Omani women tend to wear different everyday dress when it is not a special occasion. On special occasions, the national dress for Omani women is also a dishdasha that is worn over loose fitting trousers called sirwal. A lihaf, or head shawl, is often worn. When it is not a formal occasion, women tend to wear either an abaya or a burqa with a hijab.
Both Omani men and women tend to wear sandals with their usual dress.
Oman has a population of over 4 million.
A staggering half of the population resides in the major city of Muscat and the Bhatinah coastal plan, about 200,000 live in the southern Dhofar region, and about 30,000 people live in Musandam.
Half of the Omani population consists of individuals under the age of 15. Oman’s different ethnicity demographics span from Arab, to Baluchi, to South Asian and African.
Because of Oman’s location and large Arab population, the national religion is Islam at around 85.9%. While Islam is the most widely practiced, Hinduism and Christianity are practiced as well. Oman is unique in that it is a tribal society where there are three distinct identities that Omani people tend to distinguish themselves in Ibadi School of Faith. The first two groups are Tribalism and Ibadism, which are tied closely to tradition because of the longer periods they spent in isolation. The third group is ‘Maritime Trade’ which is considered more tolerant and open towards others. The third group mostly resides in Muscat and the coastal regions of Oman and is linked to more economic factors of life.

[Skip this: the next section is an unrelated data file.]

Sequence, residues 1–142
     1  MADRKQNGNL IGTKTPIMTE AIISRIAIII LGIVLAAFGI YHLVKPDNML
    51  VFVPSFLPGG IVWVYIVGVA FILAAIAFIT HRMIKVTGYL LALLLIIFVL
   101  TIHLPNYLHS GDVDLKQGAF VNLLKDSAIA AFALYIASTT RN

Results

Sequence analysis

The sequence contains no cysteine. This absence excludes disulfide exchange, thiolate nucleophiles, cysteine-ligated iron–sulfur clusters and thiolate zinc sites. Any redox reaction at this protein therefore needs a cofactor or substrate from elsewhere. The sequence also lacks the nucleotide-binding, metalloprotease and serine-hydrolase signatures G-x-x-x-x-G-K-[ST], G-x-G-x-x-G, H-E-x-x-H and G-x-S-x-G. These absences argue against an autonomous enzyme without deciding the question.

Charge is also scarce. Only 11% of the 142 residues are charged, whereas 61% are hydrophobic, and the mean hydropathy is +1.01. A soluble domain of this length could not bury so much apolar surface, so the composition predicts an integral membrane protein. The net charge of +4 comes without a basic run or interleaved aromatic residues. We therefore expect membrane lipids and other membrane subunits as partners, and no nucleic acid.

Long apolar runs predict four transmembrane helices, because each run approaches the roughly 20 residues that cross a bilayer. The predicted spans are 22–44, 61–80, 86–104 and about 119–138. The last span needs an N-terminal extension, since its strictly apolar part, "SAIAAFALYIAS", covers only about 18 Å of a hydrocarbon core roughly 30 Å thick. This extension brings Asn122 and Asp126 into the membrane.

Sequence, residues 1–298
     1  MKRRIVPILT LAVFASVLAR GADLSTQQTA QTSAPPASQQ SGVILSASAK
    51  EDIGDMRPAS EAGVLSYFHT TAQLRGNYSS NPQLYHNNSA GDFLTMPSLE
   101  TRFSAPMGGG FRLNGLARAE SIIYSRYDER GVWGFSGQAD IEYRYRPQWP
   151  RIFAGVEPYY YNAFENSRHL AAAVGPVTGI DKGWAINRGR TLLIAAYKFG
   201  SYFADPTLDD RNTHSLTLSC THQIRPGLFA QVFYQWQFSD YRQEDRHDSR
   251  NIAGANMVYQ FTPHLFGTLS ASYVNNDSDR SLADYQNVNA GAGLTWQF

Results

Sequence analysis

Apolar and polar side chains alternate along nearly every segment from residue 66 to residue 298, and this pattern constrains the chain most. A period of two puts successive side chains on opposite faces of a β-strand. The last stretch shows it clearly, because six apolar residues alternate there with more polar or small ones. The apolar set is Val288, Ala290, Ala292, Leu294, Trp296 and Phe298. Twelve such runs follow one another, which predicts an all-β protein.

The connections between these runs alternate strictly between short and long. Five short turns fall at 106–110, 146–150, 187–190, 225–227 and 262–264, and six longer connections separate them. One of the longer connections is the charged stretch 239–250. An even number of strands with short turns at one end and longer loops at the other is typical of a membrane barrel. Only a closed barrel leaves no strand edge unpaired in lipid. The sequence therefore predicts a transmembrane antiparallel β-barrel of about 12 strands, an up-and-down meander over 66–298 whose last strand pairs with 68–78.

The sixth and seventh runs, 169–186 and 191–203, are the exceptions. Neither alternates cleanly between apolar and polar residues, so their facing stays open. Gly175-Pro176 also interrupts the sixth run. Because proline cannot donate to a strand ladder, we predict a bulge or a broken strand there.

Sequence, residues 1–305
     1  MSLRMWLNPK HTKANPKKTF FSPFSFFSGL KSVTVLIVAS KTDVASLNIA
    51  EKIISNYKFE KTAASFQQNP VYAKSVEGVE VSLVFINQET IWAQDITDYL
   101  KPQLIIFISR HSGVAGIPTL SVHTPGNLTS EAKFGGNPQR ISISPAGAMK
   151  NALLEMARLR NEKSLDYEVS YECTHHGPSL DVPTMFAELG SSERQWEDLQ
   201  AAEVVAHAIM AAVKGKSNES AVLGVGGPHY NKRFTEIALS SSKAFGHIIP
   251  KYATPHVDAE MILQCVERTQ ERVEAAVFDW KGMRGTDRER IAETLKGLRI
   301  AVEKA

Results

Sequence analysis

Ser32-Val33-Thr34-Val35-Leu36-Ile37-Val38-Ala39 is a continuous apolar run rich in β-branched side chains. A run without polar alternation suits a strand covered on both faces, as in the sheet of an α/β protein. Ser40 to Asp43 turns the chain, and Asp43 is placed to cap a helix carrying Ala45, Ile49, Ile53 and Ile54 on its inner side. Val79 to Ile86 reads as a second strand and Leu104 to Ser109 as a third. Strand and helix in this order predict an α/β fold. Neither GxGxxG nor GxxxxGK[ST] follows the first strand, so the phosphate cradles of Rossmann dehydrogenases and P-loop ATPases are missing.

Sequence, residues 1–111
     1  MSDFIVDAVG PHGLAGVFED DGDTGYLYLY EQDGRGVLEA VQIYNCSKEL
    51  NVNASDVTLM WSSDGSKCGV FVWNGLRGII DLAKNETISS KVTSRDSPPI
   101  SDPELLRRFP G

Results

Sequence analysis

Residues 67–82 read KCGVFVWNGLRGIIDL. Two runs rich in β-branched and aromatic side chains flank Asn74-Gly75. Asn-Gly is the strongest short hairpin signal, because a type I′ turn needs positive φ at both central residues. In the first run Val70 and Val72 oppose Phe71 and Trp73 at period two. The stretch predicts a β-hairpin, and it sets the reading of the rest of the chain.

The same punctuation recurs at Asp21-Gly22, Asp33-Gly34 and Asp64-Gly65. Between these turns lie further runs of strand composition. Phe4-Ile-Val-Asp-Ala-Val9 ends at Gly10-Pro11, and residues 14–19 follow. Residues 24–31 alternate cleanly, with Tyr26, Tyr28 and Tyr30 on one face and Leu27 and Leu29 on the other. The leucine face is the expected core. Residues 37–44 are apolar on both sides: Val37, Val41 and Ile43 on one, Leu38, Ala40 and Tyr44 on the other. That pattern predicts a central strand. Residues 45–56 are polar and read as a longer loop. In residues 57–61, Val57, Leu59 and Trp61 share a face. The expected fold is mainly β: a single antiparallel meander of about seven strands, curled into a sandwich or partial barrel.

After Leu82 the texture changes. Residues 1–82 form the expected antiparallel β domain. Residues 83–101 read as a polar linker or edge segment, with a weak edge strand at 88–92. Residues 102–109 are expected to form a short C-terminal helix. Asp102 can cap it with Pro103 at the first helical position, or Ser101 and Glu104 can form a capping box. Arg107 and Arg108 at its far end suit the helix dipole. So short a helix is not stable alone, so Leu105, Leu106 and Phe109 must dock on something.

Although water sanitation has improved, not all areas of Oman have the same sanitation, so it is advised to be conscious of drinking water. While tap water is generally deemed safe, Omani people tend to drink bottled water, and it is advised that tourists should as well, just to be safe.
As always, travellers should have all needed vaccinations before travelling.
The meals in Oman usually comprise of two standard meals: one larger main meal during the day and one lighter meal served in the evening. It is known for a variety of different foods such as Arsia and Showa, which are both festival foods. Arsia consists of mashed rice and meat while Showa is really tender, slow-cooked meat that is infused with different herbs and spices. Fish is also common in many meals, and kingfish is one of the most popular. The dish Mashuai consists of whole spit fire roasted kingfish with lemon rice. Ruulchal, a thin round bread, is also common in many different kinds of meals. Halwa, raw sugar considered the symbol of hospitality in Oman, is often prepared with nuts in sweet dishes. Alcohol, while available in most hotels and some restaurants, is only available over the counter to non Muslims.
Both passports and visas are required if you are a national of the EU, UK, USA, Canada, or Australia. Your passport must also be valid for at least 6 months before arrival.
The main language spoken in Oman is Arabic. However, English is spoken widely and usually taught in schools from a young age.
Due to the rise in its tourism industry, Oman includes both Arabic and English in its signs.
Other languages such as Baluchi, Urdu and a variety of Indian languages are also spoken throughout the country.
Top 7 Attractions
- Mutrah Souq – Muscat
- Jabrin Castle
- Masirah Island
- Bahla Fort
- Jebel Akhdar
- Musandam Fjords
- Wahiba Sands
Arab Gulf States
Frankincense - The Perfume Of...
Test of Faith: The Tomb of
Top Places to Visit in
Must See Mosques of the World
Great Explorers: Asia
The Cities of Oman
Bazaar: Treasures of the...